I have reviewed many noise cancelling headphones over the years – the first way back in 1999. I find them endlessly fascinating. But I often find the more affordable ones quite disappointing in performance. Well, perhaps not disappointing, because by now I don’t really have any high expectations left to dash. Which is why I found the ag WHP01K wireless noise cancelling headphones to be so surprising. They demonstrate that it is possible to produce reasonably-priced noise cancelling headphones that are highly effective, and can sound quite decent.
- ag is a Japanese brand, with audio tuning by high-end brand Final Audio
- Over-ear, noise cancelling, Bluetooth headphones
- Bluetooth 5.0
- SBC, AAC, aptX and aptX LL codecs supported
- 20 to 20,000 hertz rated frequency response
- Two microphones (one interior, one exterior) microphones used for superior built-in Active Noise Cancellation
- 35 hours Bluetooth playback time with ANC off, 25 hours with ANC on
- Wired playback possible with or without ANC
- Charged via USB Type-C socket, 2.5 hours to charge
- Short USB type-C charge cable, 3.5mm to 3.5mm cable for passive use, and soft carry bag supplied
- Available in black, cream or grey
- Summary: Fairly good sound via Bluetooth, and markedly better sound fed passively by wire, combined with highly effective active noise cancellation and good practical design makes the ag WHP01K headphones an extraordinary bargain
- Available from fine high-fidelity retailers and direct from distributor here.
- Price: $149.99
See here for how active and passive noise cancellation works. The SBC codec is the standard for stereo music via Bluetooth, but AAC provides better quality for iPhone and iPad users, while aptX and aptX LL provide even better quality for some Android phone users. aptX LL is the “Low Latency” version of aptX. That means, the delay in the transmission of the sound is reduced. That’s most useful to people who play reflex-based games on their phones, but also to video watchers.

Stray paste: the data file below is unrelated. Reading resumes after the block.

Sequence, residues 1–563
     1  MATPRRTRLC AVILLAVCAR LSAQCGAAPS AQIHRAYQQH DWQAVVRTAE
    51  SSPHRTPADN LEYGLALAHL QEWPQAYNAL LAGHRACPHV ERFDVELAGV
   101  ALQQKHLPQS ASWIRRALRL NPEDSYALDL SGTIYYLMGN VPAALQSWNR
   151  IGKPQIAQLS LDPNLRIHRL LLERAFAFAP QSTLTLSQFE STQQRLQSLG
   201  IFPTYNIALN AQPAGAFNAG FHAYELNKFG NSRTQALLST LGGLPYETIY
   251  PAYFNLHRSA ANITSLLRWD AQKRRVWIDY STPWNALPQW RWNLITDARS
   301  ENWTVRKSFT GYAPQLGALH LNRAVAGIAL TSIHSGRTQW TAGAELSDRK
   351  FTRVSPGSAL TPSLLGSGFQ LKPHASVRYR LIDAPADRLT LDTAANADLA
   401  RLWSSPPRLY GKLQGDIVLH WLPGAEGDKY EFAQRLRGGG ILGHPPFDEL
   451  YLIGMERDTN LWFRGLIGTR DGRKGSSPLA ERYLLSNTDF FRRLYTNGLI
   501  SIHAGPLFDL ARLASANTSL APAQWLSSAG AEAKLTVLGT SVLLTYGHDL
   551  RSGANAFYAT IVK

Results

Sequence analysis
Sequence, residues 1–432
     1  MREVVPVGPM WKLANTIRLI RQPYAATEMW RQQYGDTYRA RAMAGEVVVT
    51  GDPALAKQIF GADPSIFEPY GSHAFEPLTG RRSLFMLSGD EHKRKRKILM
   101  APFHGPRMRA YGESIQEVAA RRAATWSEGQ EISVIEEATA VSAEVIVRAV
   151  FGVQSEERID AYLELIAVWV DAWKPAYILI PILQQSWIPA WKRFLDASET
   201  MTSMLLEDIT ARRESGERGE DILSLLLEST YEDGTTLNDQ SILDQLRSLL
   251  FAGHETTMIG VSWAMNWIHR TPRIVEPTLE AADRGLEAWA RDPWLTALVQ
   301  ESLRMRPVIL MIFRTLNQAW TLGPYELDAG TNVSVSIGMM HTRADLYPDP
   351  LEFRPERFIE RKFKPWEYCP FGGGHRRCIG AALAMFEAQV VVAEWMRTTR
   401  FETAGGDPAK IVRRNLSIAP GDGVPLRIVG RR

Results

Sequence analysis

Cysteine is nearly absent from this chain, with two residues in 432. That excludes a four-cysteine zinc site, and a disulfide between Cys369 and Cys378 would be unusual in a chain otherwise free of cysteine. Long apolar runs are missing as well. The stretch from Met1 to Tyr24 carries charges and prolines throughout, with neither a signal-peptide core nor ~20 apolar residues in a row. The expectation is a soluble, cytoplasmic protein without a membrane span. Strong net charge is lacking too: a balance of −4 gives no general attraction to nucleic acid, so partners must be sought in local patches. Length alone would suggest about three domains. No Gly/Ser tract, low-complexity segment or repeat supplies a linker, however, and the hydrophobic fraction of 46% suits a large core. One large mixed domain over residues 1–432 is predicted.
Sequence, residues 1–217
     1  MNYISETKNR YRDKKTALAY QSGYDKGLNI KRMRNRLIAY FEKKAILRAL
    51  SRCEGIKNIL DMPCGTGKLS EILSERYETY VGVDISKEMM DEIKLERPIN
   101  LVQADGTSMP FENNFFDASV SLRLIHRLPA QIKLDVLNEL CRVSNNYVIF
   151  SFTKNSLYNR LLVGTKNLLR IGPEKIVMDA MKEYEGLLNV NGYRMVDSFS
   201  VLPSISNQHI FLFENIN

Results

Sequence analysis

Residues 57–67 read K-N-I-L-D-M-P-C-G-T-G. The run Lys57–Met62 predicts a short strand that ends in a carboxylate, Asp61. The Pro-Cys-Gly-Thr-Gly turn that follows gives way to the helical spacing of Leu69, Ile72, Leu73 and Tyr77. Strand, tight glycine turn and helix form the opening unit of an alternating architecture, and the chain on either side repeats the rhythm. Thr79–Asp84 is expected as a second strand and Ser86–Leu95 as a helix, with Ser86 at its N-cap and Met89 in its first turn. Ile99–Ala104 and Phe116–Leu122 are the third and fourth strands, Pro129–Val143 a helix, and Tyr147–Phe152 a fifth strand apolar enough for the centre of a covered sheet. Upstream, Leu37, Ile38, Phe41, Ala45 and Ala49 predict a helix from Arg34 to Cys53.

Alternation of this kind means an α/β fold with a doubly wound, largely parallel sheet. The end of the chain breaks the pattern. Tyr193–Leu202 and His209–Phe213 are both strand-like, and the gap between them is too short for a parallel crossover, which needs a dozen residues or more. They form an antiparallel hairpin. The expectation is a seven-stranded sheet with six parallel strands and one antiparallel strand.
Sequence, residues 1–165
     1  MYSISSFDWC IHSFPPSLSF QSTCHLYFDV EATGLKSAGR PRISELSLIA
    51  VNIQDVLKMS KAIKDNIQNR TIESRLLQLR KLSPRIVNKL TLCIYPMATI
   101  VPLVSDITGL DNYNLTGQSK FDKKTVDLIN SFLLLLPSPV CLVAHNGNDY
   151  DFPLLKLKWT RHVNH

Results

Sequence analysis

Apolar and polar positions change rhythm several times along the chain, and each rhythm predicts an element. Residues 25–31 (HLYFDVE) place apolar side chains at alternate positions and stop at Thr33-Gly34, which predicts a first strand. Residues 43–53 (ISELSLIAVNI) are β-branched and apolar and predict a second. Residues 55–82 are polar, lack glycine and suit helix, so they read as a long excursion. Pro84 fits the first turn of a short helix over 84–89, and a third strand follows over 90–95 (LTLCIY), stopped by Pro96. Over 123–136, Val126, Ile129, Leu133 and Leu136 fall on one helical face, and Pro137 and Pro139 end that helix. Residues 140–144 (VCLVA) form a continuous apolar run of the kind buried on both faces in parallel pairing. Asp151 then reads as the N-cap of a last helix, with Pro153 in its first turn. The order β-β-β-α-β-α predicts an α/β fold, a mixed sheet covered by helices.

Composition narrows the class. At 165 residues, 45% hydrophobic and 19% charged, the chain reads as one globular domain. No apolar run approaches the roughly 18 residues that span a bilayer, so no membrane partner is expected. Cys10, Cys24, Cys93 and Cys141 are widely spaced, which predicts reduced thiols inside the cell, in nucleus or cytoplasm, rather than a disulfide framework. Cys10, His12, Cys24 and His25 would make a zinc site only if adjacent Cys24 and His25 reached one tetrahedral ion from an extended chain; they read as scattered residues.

Listening with the ag WHP01K headphones
We’ll get onto the noise cancellation shortly but, first, how did they sound? Initially it seemed to me that these headphones had been carefully tuned for purpose: providing a somewhat V-shaped sound signature, with a bit more emphasis on the bass-end of the V, and the bottom point of the V in the upper midrange, providing for a mellow, easy-to-listen-to sound. This had the incidental subjective effect of pushing the sound further away, seeming to add space and air. Then I switched on the active noise cancellation and that changed things noticeably. Still V-shaped, the midrange was brought up into a closer balance. The headphones remained an easy listen, but with a touch more balance. This also, of course, helps the clarity of the signal when it does have to compete with noise.
Now, active headphones can do all kinds of things to the signal, especially if they have built-in ANC. Modern ANC-equipped headphones typically use a digital signal processor which can be readily employed to shape the tonal response. So, I switched everything off and plugged the headphones directly into a good quality headphone amplifier (Topping A30Pro) and played back the same music (from Blue Öyster Cult’s 1974 album Secret Treaties streaming from TIDAL).